Tip Jar Jam #38: Is That Somebody You Know?

Murphy Henry

Murphy Henry

And thank you, Beulah Land Bob, for today's title. Bob was singing John Henry at the Wednesday jam and was doing what we had talked about in his lesson which was to hold his head and chin up higher so his voice would project more. At the lesson this had put him looking directly at me (uncomfortable!) so I told him to look past me, to look over my shoulder, to look somewhere else! At the jam, like the good boy he is, he was singing with his head held high while he was looking across the room. (I was safely outside his line of vision!) After the song was over, Kathy Hanson and I both complimented Bob on how good--and loud--his singing sounded. He pointed to the picture across the room and said, "I was looking at the girl in glasses. Who is that? Is that somebody you know?"

No, it wasn't somebody I knew. It was Janis Joplin. 

I like Janis Joplin's music. In high school I had an 8-track tape that had Me and Bobby McGee and Oh Lord Won't You Buy Me a Mercedes Benz on it. I memorized the words to both and Red and I sometimes performed Bobby McGee at casual gigs like parties.

But I digress.....

We were six students strong Wednesday night, including Will, a newbie that Bob Mc brought along. Will trotted out a banjo, a guitar, and a mandolin. He took a banjo lead on Cripple Creek but otherwise played rhythm guitar, mandolin chords and fills, and stayed in the background. He doesn't take lessons from either Casey or me (yet!), but Kathy Hanson told him, "If you keep coming to the jams, we'll make a convert out of you!" To which I added, "Yeah, we'll even sing Just As I Am for your conversion experience!" [Those of us who were Raised Baptist laughed.]

After the jam, Will was asking about the "learn by ear" thing, and said he didn't think he could do that. To which I replied, "Of course you can. All these people learned to play that way!" I think he was somewhat amazed at that. He mentioned lessons and I told him to call Casey because, per our deal, she gets first dibs on new banjo students! (A condition of her moving back to Winchester! Little does she know that she could have asked me to start recycling and I would have done that too! Too late now, Casey!)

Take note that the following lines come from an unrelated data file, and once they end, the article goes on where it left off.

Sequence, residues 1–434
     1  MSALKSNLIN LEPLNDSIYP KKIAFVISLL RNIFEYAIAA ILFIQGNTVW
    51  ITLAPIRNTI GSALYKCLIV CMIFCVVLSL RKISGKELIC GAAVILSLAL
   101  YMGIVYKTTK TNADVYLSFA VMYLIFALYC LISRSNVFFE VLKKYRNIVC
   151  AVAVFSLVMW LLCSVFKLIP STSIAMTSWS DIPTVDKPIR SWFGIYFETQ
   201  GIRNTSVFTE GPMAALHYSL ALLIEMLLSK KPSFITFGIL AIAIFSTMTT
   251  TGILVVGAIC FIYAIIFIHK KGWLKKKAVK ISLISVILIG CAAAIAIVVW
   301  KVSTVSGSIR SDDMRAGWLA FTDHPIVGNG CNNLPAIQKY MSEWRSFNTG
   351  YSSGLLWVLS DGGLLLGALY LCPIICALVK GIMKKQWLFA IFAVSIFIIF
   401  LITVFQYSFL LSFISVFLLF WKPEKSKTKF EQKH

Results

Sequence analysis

Since Bobby and Scott had jammed on Tuesday, we were without our Key of G singers, so Bob A had to step up to the plate, which he did with gusto. In addition to the aforementioned John Henry, he also sang Beulah Land (the Do Lord clone), Blue Ridge Cabin Home, New River Train, and Life's Railway to Heaven (in D!). Kathy Hanson, one of our Key of C singers, did Circle, I'll Fly Away, and Wagon Wheel. I took over Kasey's I Saw the Light and also did Somebody Touched Me.

As always, we were happy to have Kristina on mandolin. She's doing a great job of moving her G breaks to the Key of C, by shifting "up" or "over" a string (depending on how you think of it). She's also thriving on the I, IV, V chord idea and understands that the chord progressions in songs (especially singing songs) tend to fall into somewhat predictable patterns. I call one of them the "criss-cross" pattern (I, IV, I, V) and I love it that she "gets" that.

We fleshed out our singing song repertoire with instrumentals: Cripple Creek, Banjo in the Hollow, Boil Them Cabbage Down, and Old Joe Clark. When we were down to time for one last song, I ask Bob Mc if there was anything he'd like to play. Since he is a long-time married man he immediately knew that that was a no-way-for-him-to-win question. So he simply declined to choose! I realized that I was, in fact, asking him to read my mind and choose a song that I would approve of (duh!), so I rephrased: "Which song would you like to play: Foggy Mountain Breakdown, Lonesome Road Blues, or John Hardy? There is no wrong answer!" He chose Foggy Mountain Breakdown.

Since there were only two banjo players, I said, "Great. You and Kathy can be dueling banjos." That reminded Bob that he had, at one time, been able to play Dueling Banjos. So he strummed those first distinctive notes, and I answered him on the guitar. Alas! The spirit was willing the flesh was weak! It had been too long! The fingers refused to cooperate. Even when you learn by ear you have to occasionally revisit your old tunes or they will leave your butt high and dry in the dust! My guess is Bob will be doing some wood-shedding on that tune this week.

After the official jam was over, everyone took some time to "ooh" and "ah" over Kathy Hanson's brand-new, blonde bass. Yes, Kathy is adding bass playing to her list of accomplishments. But, as I told her, "No lead guitar!" Only because having too much on her plate will take away from her main interest, the banjo.

And so ended another successful Tip Jar Jam. I confess, I did miss the solid foundation of the bass but as we say here "I done it to myself" by splitting the jam into two nights. Still and yet, the smaller jams are better for everyone. But there's always room for one more, so come jam with us!

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